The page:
Mariah Carey has booked a guest appearance on Fox's Ally McBeal on Jan. 7. In the episode, Carey will play a key figure in a lawsuit brought by (Jami Gertz's) Kimmy Bishop after she is given a refund by a matchmaking service and deemed unmatchable. Carey also will be featured warbling "Lead the Way" from her new album, "Glitter."
The movie memorabilia-themed restaurant Planet Hollywood filed for bankruptcy on Friday due to a drop in tourist business after Sept. 11. Planet's chief executive Robert Earl tells Reuters the Orlando-Florida based restaurant chain owes $133 million in debt against $121 in assets. Planet Hollywood, once valued at $3.5 billion on the day of its 1996 opening day, is struggling to find customers to fill its restaurants.
An Italian court has cleared Tenor Luciano Pavarotti of tax evasion charges, throwing out a state claim for up to $18 million, BBC News reports. Prosecutors argued that Pavarotti claimed to be a resident of the Italian town Modena, not Monaco, as claimed in his tax return between 1989 and 1995. In his defense, his lawyers said the tenor only visited Italy a few days each year to see friends and for the holidays. Otherwise, he lived "179 days a year" in the United States.
How's "Survivor" surviving? Not so well, apparently. The CBS reality show Survivor: Africa came in second to NBC's Friends last Thursday for the second week in a row. According to Nielsen ratings, Survivor has dipped its lowest levels since its June 2000 debut, having declined by 18 percent in total viewers (19.59 million vs. 23.84 million) and by 24 percent in adults (7.9 rating, 20 share vs. 10.4/23) from its premiere a week ago. . Friends was down 18 percent week-to-week in adults 18-24 to a season-low 12.2/32, but that's still 4 percent ahead of its fourth episode last season.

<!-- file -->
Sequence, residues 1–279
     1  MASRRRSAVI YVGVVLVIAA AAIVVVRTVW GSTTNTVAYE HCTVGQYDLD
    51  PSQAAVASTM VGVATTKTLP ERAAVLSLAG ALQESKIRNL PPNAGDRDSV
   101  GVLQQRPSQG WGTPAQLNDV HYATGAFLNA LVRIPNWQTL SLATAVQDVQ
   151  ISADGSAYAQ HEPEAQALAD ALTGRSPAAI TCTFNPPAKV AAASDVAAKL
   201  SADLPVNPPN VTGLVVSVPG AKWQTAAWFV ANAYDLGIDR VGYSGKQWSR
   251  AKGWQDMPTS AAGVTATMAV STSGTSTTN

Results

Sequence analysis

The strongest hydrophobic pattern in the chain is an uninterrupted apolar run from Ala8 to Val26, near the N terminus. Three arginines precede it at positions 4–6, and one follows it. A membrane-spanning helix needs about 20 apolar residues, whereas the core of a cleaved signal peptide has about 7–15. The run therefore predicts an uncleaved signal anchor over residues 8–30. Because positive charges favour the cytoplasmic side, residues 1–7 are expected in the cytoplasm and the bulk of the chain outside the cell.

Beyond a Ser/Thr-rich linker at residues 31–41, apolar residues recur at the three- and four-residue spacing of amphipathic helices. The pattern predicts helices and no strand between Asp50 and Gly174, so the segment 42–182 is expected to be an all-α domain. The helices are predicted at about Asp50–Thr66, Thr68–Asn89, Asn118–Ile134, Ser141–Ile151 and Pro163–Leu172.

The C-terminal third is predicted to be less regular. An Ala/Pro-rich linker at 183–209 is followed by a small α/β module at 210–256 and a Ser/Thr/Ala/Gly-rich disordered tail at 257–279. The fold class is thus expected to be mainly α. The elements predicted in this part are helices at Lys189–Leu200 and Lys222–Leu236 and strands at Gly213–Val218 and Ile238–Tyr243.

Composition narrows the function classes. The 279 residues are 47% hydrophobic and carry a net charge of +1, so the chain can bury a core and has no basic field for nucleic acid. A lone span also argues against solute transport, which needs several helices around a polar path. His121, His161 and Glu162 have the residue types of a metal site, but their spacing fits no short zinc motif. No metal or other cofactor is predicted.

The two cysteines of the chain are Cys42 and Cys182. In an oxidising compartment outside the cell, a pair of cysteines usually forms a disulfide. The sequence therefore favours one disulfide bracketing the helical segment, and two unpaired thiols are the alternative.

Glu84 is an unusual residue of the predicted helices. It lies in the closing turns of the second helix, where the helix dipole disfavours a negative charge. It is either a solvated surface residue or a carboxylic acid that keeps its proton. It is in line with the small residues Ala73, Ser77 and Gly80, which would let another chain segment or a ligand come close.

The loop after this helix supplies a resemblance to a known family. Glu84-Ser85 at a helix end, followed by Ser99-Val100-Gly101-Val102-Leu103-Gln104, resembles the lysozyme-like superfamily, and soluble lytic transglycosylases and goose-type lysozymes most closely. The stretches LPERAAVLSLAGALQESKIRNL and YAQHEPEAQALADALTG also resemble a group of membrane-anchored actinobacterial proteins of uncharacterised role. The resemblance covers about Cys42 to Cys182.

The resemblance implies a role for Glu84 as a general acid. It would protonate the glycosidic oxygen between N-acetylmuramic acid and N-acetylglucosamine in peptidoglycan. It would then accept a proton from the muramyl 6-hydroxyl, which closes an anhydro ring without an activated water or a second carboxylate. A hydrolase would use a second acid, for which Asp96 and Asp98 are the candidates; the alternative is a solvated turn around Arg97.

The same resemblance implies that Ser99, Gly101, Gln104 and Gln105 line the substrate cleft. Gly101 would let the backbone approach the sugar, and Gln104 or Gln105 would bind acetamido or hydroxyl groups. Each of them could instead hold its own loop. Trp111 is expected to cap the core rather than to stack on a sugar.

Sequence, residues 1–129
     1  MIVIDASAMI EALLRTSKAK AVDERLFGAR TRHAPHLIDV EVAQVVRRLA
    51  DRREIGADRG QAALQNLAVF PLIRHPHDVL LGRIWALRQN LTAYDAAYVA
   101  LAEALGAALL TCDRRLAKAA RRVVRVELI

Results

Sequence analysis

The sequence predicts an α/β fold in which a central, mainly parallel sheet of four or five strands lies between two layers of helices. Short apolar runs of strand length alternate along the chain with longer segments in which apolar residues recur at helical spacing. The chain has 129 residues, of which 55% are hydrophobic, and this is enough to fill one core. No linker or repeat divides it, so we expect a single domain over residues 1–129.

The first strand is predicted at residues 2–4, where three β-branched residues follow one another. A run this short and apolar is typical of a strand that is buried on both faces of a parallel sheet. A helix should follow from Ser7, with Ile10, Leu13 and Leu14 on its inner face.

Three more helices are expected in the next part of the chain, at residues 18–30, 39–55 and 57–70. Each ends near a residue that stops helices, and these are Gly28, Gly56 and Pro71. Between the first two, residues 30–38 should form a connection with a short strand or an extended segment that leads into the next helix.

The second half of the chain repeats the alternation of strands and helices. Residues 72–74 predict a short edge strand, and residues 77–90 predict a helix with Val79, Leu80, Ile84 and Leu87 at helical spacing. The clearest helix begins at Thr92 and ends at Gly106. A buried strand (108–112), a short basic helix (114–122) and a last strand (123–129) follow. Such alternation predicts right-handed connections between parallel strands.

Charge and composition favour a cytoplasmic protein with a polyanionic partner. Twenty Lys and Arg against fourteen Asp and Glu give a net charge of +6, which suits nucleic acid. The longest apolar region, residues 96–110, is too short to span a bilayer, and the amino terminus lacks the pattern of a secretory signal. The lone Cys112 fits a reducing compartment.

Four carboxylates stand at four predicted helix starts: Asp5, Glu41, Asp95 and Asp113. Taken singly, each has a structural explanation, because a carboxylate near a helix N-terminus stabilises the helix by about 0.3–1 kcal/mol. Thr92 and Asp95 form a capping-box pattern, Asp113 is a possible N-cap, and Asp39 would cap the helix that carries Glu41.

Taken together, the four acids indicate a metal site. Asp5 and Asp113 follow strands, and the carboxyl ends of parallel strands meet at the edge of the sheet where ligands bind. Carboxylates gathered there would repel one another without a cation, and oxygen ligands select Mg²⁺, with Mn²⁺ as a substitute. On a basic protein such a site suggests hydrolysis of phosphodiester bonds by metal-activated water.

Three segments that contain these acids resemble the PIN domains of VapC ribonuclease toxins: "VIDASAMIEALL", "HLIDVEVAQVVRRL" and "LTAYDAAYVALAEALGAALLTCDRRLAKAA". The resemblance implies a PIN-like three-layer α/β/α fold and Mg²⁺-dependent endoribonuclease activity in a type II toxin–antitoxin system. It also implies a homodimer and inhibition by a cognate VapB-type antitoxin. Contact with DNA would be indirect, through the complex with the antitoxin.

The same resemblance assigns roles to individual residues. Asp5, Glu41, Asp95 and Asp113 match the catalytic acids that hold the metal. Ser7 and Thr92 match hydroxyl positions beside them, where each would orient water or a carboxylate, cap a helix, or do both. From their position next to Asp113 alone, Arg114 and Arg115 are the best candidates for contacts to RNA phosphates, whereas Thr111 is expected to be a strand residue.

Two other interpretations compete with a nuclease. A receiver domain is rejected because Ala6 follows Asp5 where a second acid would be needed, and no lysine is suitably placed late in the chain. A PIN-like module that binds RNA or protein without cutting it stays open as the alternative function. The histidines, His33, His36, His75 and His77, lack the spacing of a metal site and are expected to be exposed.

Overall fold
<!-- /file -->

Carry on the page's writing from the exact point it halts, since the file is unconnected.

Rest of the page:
Prince Edward, Earl of Wessex, will stop making TV programs about royalty following controversy over his production company's filming of Prince William, BBC News reports. Adrent Productions has been criticized for not adhering to an agreement for all media not to intrude into William's life at St. Andrews University in Edinburgh, where he has just begin his first term.
Nicole Kidman and Anthony Hopkins will star in The Human Stain, based on a Philip Roth novel set against the backdrop of the 1998 Clinton impeachment scandal, Reuters reports. Robert Benton is set to direct the film, which is expected to begin shooting in March.
The Runner, an ambitious reality show developed by Ben Affleck and Matt Damon, has been put on hold until next season due to concerns over the national mood, Reuters reports. The series, previously set to premiere on Jan. 7, is a cat-and-mouse game in which pre-selected "agents" pursue "runners" cross-country According to ABC, security issues and concern about the show's arose after the Sept. 11 attacks. No word yet on what ABC will do with the 9 p.m. Monday slot come January.
Producers Harry Thomason, his wife Linda Bloodworth-Thomason and filmmaker Adam Friedman are set to begin filming a theatrical documentary based on the Joe Conason and Gene Lyons book The Hunting of the President: The Ten-Year Campaign to Destroy Bill and Hillary Clinton. According to the Hollywood Reporter, Hunting will document the efforts to discredit the couple from the time of Bill Clinton's governorship in Arkansas through his 1998 presidential impeachment trial. Production is scheduled to start during the next few weeks.
With the balloting for the Screen Actors Guild presidential and more than 40 offices up for election ending in Oct. 31, candidates can now send email messages to the 30,000 or so union members who have email adresses, Reuters reported. For 8 cents per message, the emails supposedly contain harsh criticism on the presidential race between Melissa Gilbert and Valerie Harper, who are seeking to replace the current SAG president William Daniels, who will not be running for a second two-year term.